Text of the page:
We’re not prepared for the potentially dystopian future of home working

Mike Clancy

Are we enjoying working at home freedoms, or are we living at work? That is the discussion increasingly informing the experience of the last six months, accentuated by the UK government’s “shift in emphasis” last week. The implications of renewed home working advice for the spread of the virus are unknowable at this stage, and we can only hope that the updated guidance will be sufficient to keep the infection rate under control. But the consequences for work and for workers are stark – and have not been given anything like enough attention by the government or wider society. We are about to enter a whole new era of permanent remote working, and we are simply not ready for what that means.

For those workers who have been able to work from home, the experience of the pandemic so far has been a mixed bag. The clear conveniences of working from your living room have been balanced against new trade-offs and inequalities. People with young children, or who live in cramped flats, will have had a very different experience from their colleagues who are not in this position. The way people are managed has also made a difference. Polling we commissioned from YouGov shows that remote workers are evenly split between those who feel that there has been too much supervision from managers and those who feel there has not been enough.

But this first phase of remote working has been defined by the haste in which we entered it. Employers scrambled to switch to a remote posture, assuming it might last for a few weeks or months before a return to ‘business as usual’. This next phase is going to be different as employers are now thinking in terms of a semi-permanent future of remote or ‘blended’ working. Right now, employers are considering the introduction of a range of new monitoring technologies that can keep tabs on their employees while they work remotely. The consequence will be an experience of working from home unlike anything most workers have experienced so far, and I fear that unless something changes we could be heading for a new dystopia where work invades people’s homes and workers are subject to constant monitoring and supervision.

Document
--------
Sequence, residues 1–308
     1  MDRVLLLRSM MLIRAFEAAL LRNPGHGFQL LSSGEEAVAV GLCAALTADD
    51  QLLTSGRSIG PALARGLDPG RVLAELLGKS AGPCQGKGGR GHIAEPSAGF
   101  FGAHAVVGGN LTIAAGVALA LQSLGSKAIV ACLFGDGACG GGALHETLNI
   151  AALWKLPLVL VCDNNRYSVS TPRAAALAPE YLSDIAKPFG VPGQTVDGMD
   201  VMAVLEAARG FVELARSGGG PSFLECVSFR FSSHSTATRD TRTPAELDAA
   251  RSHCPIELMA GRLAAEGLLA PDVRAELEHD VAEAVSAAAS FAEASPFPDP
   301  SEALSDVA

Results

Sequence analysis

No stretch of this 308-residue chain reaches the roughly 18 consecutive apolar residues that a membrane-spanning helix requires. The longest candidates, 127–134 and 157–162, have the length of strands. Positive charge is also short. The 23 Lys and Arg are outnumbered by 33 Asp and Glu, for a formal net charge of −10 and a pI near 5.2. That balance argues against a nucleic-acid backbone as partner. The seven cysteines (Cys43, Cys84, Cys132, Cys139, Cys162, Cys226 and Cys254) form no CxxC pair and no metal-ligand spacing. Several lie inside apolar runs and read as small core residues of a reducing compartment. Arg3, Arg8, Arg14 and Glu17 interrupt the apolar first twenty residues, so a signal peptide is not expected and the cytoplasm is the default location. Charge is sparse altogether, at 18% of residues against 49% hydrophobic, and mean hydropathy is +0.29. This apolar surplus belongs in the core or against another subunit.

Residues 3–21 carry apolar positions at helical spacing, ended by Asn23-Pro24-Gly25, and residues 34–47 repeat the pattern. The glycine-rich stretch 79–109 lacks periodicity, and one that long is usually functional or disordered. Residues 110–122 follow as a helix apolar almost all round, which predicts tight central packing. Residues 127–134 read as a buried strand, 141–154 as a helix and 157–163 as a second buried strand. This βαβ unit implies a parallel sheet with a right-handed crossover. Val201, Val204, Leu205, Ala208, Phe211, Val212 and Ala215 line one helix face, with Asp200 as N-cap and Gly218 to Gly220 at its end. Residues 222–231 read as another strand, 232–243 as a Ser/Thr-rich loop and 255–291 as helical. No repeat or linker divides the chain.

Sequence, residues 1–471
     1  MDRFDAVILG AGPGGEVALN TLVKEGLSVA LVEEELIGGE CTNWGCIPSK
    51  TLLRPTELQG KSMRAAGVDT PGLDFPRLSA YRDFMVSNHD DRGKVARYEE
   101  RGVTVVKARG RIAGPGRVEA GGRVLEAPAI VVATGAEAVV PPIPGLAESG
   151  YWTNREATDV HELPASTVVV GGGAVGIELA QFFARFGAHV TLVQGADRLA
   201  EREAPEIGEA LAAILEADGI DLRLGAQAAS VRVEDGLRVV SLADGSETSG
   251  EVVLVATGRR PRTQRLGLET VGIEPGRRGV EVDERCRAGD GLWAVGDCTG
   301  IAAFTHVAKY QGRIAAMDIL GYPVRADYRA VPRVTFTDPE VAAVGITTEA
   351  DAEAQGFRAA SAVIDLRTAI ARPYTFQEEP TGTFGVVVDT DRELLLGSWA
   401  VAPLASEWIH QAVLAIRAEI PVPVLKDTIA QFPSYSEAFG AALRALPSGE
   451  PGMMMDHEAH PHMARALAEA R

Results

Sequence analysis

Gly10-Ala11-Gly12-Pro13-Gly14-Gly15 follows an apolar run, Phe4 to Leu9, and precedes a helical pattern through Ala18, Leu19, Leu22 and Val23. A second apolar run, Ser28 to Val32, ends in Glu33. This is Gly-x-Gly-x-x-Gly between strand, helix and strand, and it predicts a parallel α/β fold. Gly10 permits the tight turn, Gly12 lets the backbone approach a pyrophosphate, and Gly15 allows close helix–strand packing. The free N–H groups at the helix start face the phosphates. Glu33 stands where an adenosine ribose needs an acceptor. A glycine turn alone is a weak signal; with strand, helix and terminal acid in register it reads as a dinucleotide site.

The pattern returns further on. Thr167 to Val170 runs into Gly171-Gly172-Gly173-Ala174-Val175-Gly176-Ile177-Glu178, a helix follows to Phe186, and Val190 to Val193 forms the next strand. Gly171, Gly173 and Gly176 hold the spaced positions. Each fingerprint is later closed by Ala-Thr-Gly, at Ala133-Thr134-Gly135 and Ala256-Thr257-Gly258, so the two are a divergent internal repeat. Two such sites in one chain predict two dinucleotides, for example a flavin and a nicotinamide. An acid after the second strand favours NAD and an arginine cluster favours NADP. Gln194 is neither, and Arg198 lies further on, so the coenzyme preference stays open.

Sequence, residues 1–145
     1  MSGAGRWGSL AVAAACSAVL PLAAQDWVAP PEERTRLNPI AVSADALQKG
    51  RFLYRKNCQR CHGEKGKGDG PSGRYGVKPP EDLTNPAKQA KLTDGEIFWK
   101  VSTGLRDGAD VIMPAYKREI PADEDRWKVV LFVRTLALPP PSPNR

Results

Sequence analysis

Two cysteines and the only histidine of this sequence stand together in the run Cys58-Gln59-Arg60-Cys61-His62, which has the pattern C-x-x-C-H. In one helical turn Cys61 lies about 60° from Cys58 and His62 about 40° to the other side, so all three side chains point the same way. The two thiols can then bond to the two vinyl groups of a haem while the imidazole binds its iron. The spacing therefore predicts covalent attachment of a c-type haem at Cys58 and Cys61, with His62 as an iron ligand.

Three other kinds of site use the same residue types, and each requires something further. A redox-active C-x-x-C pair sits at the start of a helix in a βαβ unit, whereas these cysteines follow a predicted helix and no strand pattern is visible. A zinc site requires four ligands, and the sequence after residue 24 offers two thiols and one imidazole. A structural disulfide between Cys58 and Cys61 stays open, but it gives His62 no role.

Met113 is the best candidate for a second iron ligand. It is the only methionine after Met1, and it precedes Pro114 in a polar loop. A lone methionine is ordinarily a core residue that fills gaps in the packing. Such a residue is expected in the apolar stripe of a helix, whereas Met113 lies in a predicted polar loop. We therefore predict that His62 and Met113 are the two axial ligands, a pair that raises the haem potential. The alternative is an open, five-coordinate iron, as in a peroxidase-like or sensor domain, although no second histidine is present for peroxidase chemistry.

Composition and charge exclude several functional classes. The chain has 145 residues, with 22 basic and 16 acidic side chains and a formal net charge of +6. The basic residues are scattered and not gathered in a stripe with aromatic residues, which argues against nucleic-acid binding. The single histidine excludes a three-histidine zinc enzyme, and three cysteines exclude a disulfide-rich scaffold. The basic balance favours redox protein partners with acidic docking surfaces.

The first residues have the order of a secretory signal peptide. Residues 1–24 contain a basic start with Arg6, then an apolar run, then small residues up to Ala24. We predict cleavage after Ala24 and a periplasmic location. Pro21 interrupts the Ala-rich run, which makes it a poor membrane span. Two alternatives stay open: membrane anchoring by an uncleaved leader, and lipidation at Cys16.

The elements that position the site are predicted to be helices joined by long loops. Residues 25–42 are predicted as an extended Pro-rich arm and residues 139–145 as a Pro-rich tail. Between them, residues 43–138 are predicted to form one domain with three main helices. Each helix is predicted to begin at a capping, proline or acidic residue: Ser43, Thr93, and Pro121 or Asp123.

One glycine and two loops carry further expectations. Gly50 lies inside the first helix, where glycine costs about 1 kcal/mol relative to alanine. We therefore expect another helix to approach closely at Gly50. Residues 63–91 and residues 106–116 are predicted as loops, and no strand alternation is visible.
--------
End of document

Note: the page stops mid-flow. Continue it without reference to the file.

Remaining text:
The really scary thing is that workers do not know that this is coming. Our polling asked remote workers if they had heard of some of the most common monitoring technologies. Only one third had heard of keystroke monitoring, where employers can check how often you are typing, and the same number had heard of software that allows employers to use cameras on work computers to monitor how much time you spend ‘at your desk’. Only a quarter had heard of new electronic tracking that checks when you are logged on to your email, or even where you are. When they do hear about this, opposition is predictably strong. Two thirds would be uncomfortable with keystroke monitoring, which rises to three quarters for tracking software and up to 80% for cameras.

The opposition is strongest among young workers, which is not surprising when you consider that many are working out of bedrooms in small flats. Who would want their boss to have a permanent camera in their bedroom? And workers are right to be apprehensive. This technology is new and there is very little regulation around its use. While some employers will proceed with caution, consulting staff and trade unions about how to handle this next phase, many more will take advantage of the lack of regulation and the fact that employees are desperate to stay in work to implement sweeping surveillance that will making working from home a nightmare.

A future of remote or blended working does not have to be this dystopian. I firmly believe that most workers would welcome the flexibility as long as they have a voice and some control over what that system will look like. Government guidance is driving this change, and it needs to get a grip of the problem fast. Law and workers’ rights need to catch up with these technologies, with a proper ‘right to disconnect’ from work – as exists in other countries – alongside new rights to be consulted on technological change in your workplace.

Where unions like Prospect exist, we will be a voice for the workforce and negotiate for a balance that preserves workers’ dignity and rights while allowing businesses to function and survive the pandemic. But in the large sections of the economy where there are no unions, particularly the private sector, there will be little to stop employers from acting unilaterally. I have often heard it said that many white-collar workers do not need trade unions. It may seem strange, but a future of mass working from home may just be the thing that shows that they do more than ever.

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